You'd think a document tabled in Parliament to justify allocation of public funds would contain current information. Not so.
On Tuesday the document Library and Archives Canada 2012-2013 Report on Plans and Priorities (pdf) for was tabled, along with those for many other departments and agencies.
It shows total financial resources decreasing from $117.7 million this year to $95.7 million in 2014-15, an 18.7% decrease. Human resources are show as stable at 1,117 Full Time Equivalents, something that will come as a surprise to 235 Public Service Alliance of Canada member LAC employees who received notices with the information that 105 of their positions are expected to be eliminated. A total 20% staff cut is expected which is a long way from stable! There was no response to an email sent to Mark Melanson, Senior Director General and Chief Financial Officer at LAC requesting clarification.
As we can't rely on the numbers perhaps there's information in the words and trends.
The financial planning summary table on page 16 shows substantially reduced expenditures anticipated in the next three years for "Collaboration in the management of government records" and "Preservation of Continuing Memory". Increased funding is for "Documentation of the Canadian Experience".
The section of most interest to clients is Resource Discovery on page 5. Here it states that "LAC understands that its clients expect to have access to Canadian documentary heritage when, where and how they want it."
Yet last week LAC announced it is terminating the Interlibrary Loan service. ILL made published materials, including microfilmed newspapers, available through local libraries. The service is popular. It delivers LAC service locally so folks don't have to travel to Ottawa to view the materials. Why is LAC going backwards? Why won't LAC walk its talk?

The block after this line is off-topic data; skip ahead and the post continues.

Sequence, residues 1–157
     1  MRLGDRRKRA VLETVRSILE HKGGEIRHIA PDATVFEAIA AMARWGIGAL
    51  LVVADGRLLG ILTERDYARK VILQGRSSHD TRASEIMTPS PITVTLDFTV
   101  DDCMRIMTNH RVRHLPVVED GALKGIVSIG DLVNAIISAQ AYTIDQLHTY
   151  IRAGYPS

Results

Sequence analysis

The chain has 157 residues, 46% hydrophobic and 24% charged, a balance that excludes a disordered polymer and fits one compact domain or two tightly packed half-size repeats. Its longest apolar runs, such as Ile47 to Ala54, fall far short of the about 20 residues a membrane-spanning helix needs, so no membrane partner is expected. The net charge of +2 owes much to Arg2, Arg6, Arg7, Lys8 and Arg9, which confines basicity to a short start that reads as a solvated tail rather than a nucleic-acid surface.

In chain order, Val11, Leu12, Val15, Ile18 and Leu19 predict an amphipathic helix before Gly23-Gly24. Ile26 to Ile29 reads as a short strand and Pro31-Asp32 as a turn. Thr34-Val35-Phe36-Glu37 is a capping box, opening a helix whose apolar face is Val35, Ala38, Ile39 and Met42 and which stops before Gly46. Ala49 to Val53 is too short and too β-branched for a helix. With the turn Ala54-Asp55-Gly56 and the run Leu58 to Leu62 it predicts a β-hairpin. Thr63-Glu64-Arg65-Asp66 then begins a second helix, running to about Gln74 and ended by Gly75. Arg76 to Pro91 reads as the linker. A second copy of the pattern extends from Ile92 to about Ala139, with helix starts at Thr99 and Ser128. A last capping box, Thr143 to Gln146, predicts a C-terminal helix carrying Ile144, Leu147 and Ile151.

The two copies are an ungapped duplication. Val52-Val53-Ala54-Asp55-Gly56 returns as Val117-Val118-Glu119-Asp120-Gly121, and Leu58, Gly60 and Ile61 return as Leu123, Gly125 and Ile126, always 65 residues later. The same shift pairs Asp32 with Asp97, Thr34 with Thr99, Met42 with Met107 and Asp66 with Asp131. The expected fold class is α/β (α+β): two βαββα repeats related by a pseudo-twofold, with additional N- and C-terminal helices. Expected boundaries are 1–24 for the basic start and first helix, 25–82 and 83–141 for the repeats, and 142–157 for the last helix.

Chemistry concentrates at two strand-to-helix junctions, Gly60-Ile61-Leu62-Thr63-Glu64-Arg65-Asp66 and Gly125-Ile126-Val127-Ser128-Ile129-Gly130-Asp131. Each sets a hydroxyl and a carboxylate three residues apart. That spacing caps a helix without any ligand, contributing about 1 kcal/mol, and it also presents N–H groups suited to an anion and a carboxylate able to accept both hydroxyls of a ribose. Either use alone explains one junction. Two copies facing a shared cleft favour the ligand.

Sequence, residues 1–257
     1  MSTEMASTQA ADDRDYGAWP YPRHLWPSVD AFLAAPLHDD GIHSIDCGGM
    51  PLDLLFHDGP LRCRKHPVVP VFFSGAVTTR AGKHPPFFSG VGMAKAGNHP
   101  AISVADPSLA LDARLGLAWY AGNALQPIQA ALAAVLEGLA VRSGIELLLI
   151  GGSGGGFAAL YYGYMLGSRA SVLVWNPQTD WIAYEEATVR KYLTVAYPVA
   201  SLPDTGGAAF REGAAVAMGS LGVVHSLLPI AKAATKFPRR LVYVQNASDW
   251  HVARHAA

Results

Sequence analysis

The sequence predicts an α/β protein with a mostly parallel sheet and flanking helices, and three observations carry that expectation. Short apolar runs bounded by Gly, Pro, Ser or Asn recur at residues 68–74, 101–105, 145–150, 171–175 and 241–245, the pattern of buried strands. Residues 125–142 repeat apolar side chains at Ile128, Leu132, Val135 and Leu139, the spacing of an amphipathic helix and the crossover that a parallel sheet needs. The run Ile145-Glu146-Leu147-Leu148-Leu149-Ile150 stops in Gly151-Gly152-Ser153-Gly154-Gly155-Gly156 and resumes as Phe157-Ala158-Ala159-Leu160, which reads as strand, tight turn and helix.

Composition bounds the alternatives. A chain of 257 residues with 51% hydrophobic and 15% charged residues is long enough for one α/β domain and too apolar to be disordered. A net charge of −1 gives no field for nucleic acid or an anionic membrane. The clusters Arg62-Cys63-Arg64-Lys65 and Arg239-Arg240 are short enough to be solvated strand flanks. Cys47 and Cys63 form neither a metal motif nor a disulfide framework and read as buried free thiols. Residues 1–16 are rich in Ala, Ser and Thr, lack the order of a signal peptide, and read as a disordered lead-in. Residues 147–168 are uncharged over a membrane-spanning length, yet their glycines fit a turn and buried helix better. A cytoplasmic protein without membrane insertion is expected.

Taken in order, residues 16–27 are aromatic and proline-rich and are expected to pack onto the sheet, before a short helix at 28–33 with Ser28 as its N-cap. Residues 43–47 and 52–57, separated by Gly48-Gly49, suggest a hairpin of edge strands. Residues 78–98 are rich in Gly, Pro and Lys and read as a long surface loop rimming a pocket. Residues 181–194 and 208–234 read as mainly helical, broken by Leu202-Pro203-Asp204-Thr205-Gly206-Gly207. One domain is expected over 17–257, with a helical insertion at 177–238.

The same Resource Discovery section mention "a new service model approach that supports digital service delivery as the primary access channel for clients." Digitization of content on demand is given as an example. That's an expensive option. Commonly referenced information should be made available without the financial burden falling on the first user. Yet LAC has limited resources for digitization, and little inclination to index records.
Why is LAC now so reluctant to enter into partnerships, as in the past with Ancestry? It's in the interest of LAC to have more materials more widely available, an objective delivered by services like Ancestry Library freely available at many public libraries. Individual subscribers pay for individual access, and commercial partners get more clients, employ more people and pay more taxes. Who loses? Why won't LAC walk its talk?
Also in the Resource Discovery section it states "LAC will refocus services so that staff expertise can be gradually applied in the most cost-effective ways in accordance with the services that clients value." LAC measures cost-effective as number of clients served. Of two clients, one a genealogist satisfying their curiosity about their family history, the other a researcher for a book or TV program that will be seen by tens of thousands, doesn't one do more to "contributing to the cultural, social, and economic advancement of Canada" in the words of the LAC mission? Yet the reduction in service on Wellington Street is placing obstacles in the way of that researcher in making effective use of the LAC collection.
There's further information on the deteriorating state of LAC services at http://www.savelibraryarchives.ca/update-2012-05.aspx